• Sally Pearson injured on the track (YouTube)Source: YouTube
Athletes who ‘didn’t make the cut’ into the Australian Olympic team didn’t fail. Often, they are so exceptional, precisely why their bodies failed them.
By
Jane Saville

Source:
Zela
12 Jul 2016 - 3:25 PM  UPDATED 12 Jul 2016 - 3:25 PM

With less than four weeks to go until Rio, the countdown is on for the biggest sporting event in the world. We’re on the brink of the opening ceremony, healthy competition and patriotic spectating, and excited for the flame to alight.

But spare a thought for a number of athletes who are probably counting down until the nightmare of Rio is over.

I’m talking about the injured athletes. Those who will not compete in Rio and not represent their country, despite having already qualified but had to withdraw. Or those who were chasing selection until their body fell ‘apart’.

... Spare a thought for a number of athletes who are probably counting down until the nightmare of Rio is over.

It’s possible that whilst sports fans will be salivating at the Aussie success stories during the Games, there may be times when many of these injured athletes actually hate the Olympics. Or alternatively, might just want to crawl under a rock and wait until it’s all over. I’ve known some injured athletes who have escaped to a tropical resort for the two weeks of the Games, just to getaway from it all. Their bodies that have been so reliable for so long, assisting them to the pinnacle of their sports have let them down and the hype of the Olympics is a huge reminder of their challenging situation.

The life of elite sport is a rollercoaster of highs and lows. However, at least in a roller coaster you can see the highs and lows and enjoy the ride. Sport, on the other hand, when you’re at the bottom, you’re not sure if and when there will be another high; another Green and Gold tracksuit or another medal. It’s hard to put what you’re going through into perspective.

Their bodies that have been so reliable for so long, assisting them to the pinnacle of their sports have let them down and the hype of the Olympics is a huge reminder of their challenging situation.

Olympic athletes only have the opportunity to show their wares at the pinnacle of their sport every four years (I will save the Golf and Tennis debate for another day). Timing is of the essence, and one small change or mistake can mean the end of years of planning and preparation.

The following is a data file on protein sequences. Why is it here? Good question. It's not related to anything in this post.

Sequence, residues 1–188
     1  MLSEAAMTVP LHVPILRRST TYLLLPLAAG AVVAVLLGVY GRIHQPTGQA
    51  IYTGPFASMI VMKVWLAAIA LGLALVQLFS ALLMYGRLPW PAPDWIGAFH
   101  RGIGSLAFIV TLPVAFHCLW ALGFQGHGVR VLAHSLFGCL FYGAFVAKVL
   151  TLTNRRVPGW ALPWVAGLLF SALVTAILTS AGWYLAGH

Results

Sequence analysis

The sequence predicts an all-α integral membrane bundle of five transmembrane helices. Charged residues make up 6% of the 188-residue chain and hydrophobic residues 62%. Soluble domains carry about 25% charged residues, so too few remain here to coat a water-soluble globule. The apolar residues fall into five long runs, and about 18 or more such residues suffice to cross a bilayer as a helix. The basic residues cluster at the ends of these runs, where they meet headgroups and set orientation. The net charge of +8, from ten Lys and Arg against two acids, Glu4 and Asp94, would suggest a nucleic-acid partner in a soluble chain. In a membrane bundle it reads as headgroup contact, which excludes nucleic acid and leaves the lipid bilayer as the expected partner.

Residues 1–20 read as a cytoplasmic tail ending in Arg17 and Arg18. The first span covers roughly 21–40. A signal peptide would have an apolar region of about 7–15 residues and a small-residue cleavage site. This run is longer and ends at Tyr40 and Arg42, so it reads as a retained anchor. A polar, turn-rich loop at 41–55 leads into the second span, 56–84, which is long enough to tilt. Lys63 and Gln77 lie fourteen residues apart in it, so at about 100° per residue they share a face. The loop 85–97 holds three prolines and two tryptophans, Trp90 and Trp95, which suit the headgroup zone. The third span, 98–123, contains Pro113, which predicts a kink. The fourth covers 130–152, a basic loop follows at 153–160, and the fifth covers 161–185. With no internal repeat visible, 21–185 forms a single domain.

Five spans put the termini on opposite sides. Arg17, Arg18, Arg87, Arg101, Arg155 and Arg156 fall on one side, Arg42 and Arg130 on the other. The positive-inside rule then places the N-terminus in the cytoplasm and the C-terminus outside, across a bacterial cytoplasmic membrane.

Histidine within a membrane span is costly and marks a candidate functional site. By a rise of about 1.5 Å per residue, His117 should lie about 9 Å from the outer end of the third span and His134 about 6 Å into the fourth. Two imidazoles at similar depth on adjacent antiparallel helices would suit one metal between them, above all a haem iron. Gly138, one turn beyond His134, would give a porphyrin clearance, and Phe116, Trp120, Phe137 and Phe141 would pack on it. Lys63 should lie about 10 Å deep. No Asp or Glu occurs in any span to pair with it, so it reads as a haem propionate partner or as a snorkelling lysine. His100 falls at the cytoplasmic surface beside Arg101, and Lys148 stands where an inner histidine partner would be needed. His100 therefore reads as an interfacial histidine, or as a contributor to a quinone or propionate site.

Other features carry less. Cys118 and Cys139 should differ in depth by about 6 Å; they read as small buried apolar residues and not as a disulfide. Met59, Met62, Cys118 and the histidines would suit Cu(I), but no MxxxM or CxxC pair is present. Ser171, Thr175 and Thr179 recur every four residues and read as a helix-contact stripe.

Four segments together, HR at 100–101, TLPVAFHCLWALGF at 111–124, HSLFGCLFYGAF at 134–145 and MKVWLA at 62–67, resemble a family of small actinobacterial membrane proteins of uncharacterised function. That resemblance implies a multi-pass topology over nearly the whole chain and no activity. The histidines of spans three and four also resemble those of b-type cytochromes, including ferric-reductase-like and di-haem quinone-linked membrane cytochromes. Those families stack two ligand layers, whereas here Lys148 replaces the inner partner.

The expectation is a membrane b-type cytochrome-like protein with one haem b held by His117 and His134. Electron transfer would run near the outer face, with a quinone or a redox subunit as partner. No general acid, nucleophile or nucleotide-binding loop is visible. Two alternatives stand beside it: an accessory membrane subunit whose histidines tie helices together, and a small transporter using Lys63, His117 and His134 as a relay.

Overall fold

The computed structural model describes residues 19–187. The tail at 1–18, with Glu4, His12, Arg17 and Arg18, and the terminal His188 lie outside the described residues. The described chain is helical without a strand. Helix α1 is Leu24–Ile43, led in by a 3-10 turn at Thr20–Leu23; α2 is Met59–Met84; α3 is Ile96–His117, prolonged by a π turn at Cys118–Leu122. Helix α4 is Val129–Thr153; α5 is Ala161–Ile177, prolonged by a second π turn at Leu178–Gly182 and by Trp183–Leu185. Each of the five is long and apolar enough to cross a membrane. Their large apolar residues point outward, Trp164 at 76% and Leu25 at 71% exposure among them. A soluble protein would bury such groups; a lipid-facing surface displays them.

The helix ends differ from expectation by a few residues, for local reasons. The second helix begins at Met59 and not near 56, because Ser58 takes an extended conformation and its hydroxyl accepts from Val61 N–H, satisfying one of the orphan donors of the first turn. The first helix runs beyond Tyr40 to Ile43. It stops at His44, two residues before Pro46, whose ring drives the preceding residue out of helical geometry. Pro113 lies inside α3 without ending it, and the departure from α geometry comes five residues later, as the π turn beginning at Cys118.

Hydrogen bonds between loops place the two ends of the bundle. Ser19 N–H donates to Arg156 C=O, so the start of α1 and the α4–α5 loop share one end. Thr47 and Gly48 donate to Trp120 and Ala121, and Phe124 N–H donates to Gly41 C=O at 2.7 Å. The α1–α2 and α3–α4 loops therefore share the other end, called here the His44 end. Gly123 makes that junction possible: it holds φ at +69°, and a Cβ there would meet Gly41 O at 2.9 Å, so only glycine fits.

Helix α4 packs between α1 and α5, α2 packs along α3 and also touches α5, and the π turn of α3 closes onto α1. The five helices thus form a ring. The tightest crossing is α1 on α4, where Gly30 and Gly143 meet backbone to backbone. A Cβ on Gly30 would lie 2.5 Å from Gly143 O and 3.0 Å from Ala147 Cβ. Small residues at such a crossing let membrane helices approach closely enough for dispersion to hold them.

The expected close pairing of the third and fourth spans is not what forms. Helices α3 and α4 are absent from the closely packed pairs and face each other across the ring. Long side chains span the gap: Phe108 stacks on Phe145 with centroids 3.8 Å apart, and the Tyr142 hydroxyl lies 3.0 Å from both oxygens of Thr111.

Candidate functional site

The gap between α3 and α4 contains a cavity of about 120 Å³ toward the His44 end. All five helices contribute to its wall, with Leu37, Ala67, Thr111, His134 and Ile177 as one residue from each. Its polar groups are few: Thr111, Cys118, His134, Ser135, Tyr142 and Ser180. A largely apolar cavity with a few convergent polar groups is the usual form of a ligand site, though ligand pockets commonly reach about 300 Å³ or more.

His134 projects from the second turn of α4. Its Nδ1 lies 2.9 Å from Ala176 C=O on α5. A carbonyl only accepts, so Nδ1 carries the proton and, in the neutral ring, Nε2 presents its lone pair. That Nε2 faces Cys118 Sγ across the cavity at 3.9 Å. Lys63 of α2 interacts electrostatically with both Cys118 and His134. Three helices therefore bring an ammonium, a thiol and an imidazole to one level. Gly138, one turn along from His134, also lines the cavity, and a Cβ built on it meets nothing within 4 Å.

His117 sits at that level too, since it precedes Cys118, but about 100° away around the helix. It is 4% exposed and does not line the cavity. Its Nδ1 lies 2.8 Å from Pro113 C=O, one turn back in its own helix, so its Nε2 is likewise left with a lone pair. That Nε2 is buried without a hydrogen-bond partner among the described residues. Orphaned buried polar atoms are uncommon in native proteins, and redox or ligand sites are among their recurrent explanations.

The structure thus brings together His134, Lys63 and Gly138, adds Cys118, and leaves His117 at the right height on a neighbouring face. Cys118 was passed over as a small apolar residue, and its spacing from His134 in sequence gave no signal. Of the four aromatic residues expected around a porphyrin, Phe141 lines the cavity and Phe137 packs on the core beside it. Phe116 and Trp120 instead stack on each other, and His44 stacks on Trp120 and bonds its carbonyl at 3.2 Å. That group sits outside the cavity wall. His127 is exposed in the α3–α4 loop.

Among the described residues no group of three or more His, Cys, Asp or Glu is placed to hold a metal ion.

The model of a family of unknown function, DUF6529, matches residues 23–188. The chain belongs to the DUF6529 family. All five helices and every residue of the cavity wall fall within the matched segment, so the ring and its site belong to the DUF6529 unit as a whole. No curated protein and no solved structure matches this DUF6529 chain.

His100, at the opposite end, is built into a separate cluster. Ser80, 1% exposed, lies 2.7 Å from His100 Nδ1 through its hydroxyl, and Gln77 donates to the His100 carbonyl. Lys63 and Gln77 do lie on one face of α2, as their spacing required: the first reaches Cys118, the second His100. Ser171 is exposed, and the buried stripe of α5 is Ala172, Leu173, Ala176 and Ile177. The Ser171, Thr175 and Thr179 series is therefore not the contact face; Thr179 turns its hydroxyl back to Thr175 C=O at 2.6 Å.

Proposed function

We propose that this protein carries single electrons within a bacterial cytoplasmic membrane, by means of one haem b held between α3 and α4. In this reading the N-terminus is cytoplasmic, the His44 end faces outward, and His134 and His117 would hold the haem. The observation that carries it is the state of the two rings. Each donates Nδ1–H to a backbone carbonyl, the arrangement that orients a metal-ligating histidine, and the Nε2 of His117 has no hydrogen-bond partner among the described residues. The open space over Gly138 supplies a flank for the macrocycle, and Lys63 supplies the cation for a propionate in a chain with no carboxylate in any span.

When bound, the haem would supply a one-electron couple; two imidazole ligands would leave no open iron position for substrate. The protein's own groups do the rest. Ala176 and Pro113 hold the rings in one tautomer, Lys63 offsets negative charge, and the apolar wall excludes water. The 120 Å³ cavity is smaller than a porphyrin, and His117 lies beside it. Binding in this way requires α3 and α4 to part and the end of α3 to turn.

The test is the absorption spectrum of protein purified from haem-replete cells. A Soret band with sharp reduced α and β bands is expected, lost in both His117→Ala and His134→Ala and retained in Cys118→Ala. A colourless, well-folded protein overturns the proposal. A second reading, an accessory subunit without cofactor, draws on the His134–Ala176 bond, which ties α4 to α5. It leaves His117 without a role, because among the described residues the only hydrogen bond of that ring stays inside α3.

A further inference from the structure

In our sports mad country it’s very difficult to escape the buzz around the Olympics Games - so imagine being a successful elite athlete and missing it due to injury. Especially if you were a medallist 4 years earlier, in London 2012.

Sally Pearson’s torn tendon and subsequent withdrawal from Rio was devastating and ended a difficult year after her fall at the IAAF Rome Diamond League in 2015.

Pearson epitomises the fighting spirit that we Australians love to see in one of our own, as she was determined to prevail after returning from Europe in June to boost her training in preparation for Rio.

“Training has been intensely hard and I am exhausted from it but at this stage I have absolutely no other choice if I am going to be competitive in Rio,” she wrote in her blog. “I have just less than 9 weeks until I compete and I am going to do everything in my power to be the best athlete I can be while representing my country in the biggest sporting event in the world.”

"Why couldn't it have happened after the Olympics? I only needed seven weeks and three days or whatever to finish my races at the Olympics."

Unfortunately, her injury - severe torn hamstring - cost her a place at the games and made a statement in a media gathering,

"Why couldn't it have happened after the Olympics? I only needed seven weeks and three days or whatever to finish my races at the Olympics.

"But this is a thing that no-one can control. No matter who you are, you can't control what your body wants to do and unfortunately it just gave in.

"There was no awareness, no signs that this was going to happen. So that's probably the most frustrating thing.”